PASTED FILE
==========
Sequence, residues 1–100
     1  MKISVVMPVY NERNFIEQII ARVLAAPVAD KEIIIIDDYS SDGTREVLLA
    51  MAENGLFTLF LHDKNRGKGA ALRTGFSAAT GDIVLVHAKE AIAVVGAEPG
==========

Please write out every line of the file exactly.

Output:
Sequence, residues 1–100
     1  MKISVVMPVY NERNFIEQII ARVLAAPVAD KEIIIIDDYS SDGTREVLLA
    51  MAENGLFTLF LHDKNRGKGA ALRTGFSAAT GDIVLVHAKE AIAVVGAEPG